Serious Question: Are you Quick or Slow to Speak?
Social Media Rant or Slow Responses?
Late one night this weekend I noticed a post on social media that simply read, “What happened in Charlottesville should be easy to talk about. If you find yourself struggling to address it publically or with friends or family, take a step back and ask yourself why.” These words were not intended to get under my skin. I truly believe the post was intended to help people reflect on the hateful events of the day in Charlottesville, Virginia. The question, “Are you quick or slow to speak?” seemed to echo in my soul.
The Coach in me, specifically the StrengthsFinder coach in me, wanted to ask him a question: “Are Communication or Activator in your top 5?” These talents have a way with words and are quick to move to action.
I did not ask the question. I knew it was a diversion on my part.
But, it was also a moment of learning.
Because I was struggling with words.
I could mumble my shock. I tried to utter my dismay at the hate displayed under the guise of free speech. But, my words seemed inarticulate and unhelpful. I could even share other people’s words. But, my own words seemed to be failing me.
Until I realized my coaching question was not a diversion. It was a reminder that how we respond will differ based on who God created us to be. The social media post cut to the core of one person’s expectation.
I am reminded there is not one way to grieve, advocate, and/or respond to hateful violence or evil. Some will respond with spoken words. Others will share written words and still others will use their gift of music, art, and photography to respond.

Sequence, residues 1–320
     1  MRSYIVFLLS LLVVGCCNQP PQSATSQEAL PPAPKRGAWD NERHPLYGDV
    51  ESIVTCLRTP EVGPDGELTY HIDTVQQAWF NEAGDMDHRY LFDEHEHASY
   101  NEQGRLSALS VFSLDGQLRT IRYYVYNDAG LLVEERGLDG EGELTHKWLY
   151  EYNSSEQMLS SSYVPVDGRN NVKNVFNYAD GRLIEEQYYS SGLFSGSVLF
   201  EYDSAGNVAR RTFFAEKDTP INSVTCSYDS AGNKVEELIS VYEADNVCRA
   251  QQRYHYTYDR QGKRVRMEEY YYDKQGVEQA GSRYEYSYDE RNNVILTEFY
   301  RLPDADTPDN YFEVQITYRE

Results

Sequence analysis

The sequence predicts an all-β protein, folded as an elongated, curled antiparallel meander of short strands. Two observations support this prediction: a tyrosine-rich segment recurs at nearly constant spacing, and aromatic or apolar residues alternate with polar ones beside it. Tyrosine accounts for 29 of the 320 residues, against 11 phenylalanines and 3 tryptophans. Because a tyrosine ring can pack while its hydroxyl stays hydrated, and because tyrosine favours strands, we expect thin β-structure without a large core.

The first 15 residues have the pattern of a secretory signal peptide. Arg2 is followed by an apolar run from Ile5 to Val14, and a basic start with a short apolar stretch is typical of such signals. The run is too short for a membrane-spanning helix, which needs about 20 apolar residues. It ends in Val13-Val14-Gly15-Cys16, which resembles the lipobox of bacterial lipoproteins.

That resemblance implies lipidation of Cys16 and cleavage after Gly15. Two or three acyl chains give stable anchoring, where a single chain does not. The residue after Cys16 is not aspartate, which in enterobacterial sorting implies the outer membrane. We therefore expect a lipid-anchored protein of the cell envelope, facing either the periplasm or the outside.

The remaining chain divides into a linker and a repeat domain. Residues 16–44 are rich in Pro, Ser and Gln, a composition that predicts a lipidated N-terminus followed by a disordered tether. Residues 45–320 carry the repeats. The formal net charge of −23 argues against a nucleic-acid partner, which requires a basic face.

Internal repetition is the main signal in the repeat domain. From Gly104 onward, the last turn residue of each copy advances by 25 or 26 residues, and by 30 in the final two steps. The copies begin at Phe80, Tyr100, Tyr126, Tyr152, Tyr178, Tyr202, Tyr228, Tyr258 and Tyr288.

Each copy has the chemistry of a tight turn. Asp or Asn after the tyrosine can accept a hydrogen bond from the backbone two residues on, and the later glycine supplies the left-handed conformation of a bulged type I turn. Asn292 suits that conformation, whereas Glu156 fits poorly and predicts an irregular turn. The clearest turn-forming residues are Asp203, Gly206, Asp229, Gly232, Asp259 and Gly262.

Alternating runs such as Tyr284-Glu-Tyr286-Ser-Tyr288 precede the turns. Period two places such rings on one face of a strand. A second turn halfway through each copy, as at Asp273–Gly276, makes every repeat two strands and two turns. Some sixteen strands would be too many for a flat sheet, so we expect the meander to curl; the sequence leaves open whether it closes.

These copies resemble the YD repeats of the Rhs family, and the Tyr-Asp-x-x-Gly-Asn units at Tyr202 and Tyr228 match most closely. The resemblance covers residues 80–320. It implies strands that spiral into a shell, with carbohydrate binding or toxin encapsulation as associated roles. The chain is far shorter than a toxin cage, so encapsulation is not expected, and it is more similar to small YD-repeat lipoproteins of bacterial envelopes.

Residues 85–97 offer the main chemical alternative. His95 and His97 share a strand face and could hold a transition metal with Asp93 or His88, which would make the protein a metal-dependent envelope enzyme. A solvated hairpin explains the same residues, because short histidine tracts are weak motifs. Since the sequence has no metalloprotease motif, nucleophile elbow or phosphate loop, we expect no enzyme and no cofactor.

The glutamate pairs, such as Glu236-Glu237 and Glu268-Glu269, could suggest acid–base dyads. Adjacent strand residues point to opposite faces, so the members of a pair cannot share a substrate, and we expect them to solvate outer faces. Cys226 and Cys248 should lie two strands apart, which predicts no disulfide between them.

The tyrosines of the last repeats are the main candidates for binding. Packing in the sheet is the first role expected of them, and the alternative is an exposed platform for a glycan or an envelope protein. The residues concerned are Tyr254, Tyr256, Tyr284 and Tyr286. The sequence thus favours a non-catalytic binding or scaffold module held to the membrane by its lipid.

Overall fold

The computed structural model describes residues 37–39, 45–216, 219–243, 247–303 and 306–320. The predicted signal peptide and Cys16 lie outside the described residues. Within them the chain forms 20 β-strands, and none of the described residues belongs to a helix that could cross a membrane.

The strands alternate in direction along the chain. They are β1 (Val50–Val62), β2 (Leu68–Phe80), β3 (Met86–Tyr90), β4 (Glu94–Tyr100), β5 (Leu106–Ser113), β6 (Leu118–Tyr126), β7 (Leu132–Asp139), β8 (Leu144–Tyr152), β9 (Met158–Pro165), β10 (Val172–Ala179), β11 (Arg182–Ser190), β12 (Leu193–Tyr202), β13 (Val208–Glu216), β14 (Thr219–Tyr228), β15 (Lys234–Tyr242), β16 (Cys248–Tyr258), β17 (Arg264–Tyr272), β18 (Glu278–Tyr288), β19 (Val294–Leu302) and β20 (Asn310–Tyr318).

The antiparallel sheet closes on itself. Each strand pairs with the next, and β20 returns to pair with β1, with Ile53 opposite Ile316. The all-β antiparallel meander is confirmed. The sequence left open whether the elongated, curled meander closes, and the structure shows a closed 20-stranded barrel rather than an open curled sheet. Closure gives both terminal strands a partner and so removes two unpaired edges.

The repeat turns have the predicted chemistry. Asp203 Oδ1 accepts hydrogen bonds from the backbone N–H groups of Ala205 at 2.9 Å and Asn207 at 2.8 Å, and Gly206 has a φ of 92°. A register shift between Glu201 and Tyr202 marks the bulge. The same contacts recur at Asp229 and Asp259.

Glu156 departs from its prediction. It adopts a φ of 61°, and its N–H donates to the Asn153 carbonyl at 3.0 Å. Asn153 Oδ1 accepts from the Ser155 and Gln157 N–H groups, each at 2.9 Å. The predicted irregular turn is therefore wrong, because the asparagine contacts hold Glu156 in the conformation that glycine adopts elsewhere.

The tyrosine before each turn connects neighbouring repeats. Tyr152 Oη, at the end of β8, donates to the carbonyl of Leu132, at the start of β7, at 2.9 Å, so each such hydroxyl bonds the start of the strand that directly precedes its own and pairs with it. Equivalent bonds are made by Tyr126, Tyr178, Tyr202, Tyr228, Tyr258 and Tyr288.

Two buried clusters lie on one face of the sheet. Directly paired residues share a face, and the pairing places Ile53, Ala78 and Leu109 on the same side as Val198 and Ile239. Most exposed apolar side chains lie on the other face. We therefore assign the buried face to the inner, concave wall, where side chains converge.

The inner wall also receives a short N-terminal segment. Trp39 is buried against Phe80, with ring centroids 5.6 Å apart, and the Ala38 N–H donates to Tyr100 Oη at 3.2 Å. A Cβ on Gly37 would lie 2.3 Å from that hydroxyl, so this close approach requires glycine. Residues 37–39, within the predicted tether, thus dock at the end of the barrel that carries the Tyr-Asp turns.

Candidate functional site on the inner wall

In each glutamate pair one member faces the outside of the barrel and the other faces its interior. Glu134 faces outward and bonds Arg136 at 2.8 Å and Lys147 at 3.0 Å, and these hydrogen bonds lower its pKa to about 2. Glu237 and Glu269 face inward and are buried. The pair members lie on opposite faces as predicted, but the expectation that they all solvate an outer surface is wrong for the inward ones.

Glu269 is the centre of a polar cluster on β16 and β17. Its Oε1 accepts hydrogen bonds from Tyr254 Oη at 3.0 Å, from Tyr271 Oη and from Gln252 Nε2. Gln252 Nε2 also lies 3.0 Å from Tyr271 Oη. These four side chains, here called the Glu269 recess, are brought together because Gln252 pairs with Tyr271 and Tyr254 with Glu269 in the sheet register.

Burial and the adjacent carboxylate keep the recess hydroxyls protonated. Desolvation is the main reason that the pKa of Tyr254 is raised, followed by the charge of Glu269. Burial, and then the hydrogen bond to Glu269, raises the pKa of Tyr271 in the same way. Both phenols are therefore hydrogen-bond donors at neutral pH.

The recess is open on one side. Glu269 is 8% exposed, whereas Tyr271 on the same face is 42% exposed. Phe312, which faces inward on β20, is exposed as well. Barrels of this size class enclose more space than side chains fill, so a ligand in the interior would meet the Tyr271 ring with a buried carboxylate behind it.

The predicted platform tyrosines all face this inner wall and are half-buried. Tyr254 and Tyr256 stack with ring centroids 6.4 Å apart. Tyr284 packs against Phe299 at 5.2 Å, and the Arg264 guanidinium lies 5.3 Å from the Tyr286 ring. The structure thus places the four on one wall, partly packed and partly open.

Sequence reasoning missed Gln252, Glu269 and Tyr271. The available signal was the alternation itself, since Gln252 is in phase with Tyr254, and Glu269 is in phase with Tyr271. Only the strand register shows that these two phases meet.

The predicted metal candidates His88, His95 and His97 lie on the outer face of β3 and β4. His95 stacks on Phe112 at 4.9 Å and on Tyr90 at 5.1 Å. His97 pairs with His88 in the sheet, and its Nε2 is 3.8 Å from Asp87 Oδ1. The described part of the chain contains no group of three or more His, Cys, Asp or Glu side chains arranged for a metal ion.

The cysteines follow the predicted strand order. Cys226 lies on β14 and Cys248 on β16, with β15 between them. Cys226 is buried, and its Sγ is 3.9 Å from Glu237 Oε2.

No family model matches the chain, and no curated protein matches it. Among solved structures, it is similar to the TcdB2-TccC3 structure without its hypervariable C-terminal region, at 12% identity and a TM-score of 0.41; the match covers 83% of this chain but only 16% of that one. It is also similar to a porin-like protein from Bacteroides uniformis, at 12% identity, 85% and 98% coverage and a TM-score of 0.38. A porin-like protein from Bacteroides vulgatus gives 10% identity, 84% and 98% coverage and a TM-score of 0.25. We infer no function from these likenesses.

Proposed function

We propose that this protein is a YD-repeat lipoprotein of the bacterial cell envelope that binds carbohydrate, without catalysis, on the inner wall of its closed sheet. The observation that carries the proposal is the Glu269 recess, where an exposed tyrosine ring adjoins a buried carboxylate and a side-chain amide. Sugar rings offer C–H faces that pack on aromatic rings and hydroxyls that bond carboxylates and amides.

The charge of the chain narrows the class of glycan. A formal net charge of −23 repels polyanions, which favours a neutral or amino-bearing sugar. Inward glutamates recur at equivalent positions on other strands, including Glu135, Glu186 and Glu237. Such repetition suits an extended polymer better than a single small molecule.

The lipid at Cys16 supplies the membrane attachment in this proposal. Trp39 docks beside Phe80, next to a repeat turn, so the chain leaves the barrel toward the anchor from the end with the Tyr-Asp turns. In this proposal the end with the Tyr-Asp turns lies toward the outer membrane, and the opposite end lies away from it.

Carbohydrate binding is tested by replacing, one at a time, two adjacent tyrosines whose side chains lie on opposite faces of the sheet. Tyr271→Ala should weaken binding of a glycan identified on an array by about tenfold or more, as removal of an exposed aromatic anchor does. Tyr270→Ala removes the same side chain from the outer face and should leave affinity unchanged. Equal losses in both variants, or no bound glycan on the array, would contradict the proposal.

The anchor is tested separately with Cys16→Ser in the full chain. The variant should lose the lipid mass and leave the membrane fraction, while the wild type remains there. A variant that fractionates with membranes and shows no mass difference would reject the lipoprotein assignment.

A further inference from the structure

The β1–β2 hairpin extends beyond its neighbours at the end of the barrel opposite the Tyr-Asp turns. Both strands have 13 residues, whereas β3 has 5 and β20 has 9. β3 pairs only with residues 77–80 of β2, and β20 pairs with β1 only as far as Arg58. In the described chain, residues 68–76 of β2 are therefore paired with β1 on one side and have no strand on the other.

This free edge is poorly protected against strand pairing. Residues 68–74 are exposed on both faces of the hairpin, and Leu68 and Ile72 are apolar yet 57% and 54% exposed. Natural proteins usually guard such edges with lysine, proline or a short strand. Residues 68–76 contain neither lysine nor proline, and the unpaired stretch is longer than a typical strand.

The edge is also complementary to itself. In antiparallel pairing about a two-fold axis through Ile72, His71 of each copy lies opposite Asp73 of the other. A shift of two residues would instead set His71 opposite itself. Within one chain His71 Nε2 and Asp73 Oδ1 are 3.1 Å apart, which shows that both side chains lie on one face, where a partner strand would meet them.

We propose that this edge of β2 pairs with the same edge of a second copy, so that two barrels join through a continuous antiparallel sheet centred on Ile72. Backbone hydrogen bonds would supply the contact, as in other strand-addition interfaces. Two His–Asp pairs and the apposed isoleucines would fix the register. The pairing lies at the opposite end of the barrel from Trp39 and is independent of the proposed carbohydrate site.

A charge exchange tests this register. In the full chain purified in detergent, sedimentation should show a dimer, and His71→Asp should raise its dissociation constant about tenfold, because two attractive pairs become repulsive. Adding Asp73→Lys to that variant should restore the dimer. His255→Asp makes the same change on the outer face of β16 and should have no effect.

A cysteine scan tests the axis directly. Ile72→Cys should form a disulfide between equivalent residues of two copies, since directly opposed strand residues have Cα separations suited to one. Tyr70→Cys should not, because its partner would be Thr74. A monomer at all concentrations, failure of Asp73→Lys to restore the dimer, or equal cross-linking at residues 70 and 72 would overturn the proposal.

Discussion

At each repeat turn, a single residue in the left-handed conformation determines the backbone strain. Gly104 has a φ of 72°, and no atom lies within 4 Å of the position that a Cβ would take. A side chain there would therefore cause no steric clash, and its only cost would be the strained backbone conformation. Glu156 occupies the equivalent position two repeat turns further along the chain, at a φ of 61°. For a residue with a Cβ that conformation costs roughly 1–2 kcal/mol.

Even so, I wonder what we will learn and how will we lead people to a different reality?
David Olson’s book, The American Church in Crisis (2008), offers a reminder about three transitions underway.
- The transition from Christian to post-Christian society.
- The shift from modern to post-modern society.
- The transition from mono-ethnic to a multi-ethnic society.
Yes, almost a decade ago he published these transitions. I cannot help but think all three are coming to a head. The first two have been in our peripheral vision for longer than a decade. I’m afraid, however, the transition from mono-ethnic to multi-ethnic society has not given us reason to pause. There are people of all ages who not only understand a multi-ethnic society but are thriving in the midst of it. They are likely also the people who do not fear the place of the church in a post-Christian society. And, likely, they are not retreating because of the shifts toward postmodern thinking.
While there may be better ways to express the transitions, Olson’s words are reminding me that in the midst of transition, there is tension. Transformational leaders guide people through the tension to make decisions. I wonder if our decisions will embody, reflect, and lead people to a new reality or simply heap words on hurting souls? Will we show people a different way?
We need to show people a different way.
Where Do We Start?